7 Hidden Strengths of Volunteer Risk Management: It’s About Growth!

Volunteer risk management is more than just keeping bad things from happening – it can also help you make better planning and management decisions and support the growth and sustainability of your nonprofit.

There is no shortage of scandals in the media.  Without the funds for expensive legal defense, most nonprofits won’t be able to weather a potential storm and are better served to prevent harm in the first place.

Leaders are calling for nonprofits to take potential risks seriously.  By doing so, they also reap the rewards of a more strategic and effective approach to management and planning.

7 Ways Volunteer Risk Management Helps NonProfits Grow

Here are six ways a risk management planning process can help you prevent risk and build your capacity to serve.

1) Helps Set Agency Priorities: Orgs can’t understand their true priorities until they understand the threats opportunities they face.

2) Strengthens Planning Processes: Orgs can’t effectively plan strategically until they understand their concrete risks.

3) Reinforces Credibility Inside & Out: Orgs need donors to trust that they’re exercising effective stewardship over funding resources. Leaders need to know risks have been considered.

4) Supports Sustainability: Orgs need to be ready to increase service to recipients in the future & proper handling of risk can open up new areas of responsibility for volunteers.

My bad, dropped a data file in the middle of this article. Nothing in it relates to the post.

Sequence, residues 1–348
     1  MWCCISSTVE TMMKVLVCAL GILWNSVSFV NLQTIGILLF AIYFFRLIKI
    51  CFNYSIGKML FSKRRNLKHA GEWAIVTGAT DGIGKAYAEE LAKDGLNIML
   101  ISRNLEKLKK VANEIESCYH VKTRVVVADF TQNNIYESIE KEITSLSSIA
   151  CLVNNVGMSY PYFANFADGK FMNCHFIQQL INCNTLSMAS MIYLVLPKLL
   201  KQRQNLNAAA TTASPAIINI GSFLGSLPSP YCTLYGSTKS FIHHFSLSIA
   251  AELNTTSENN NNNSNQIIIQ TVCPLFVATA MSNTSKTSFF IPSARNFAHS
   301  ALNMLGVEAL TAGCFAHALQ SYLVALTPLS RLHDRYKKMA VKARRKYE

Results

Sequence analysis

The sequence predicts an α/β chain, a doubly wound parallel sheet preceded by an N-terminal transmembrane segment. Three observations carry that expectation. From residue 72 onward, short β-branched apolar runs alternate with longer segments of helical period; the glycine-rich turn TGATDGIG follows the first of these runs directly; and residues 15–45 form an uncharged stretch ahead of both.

5) Helps Orgs Comply with the Law: Orgs may unwittingly break employment-related rules unless they do the research required during risk assessments.

6) Prevents Insurance Claims: Insurance fails to provide early warning or response mechanisms for emerging threats, so orgs need something more.

7) Supports Ethical Practice & a Positive Culture: Orgs can’t protect the privacy and confidentiality of staff, volunteers and those they serve without a plan in place.

Luck is Unreliable 

So, if you are blindly depending on it, you may be in trouble.  Why not stack the deck instead?

The next time someone won’t give you the time, resources, or support to undertake a full volunteer risk management planning process, reiterate what’s in it for them, who you serve, your volunteers, your co-workers, your reputation, and your community…and what might be lost without it.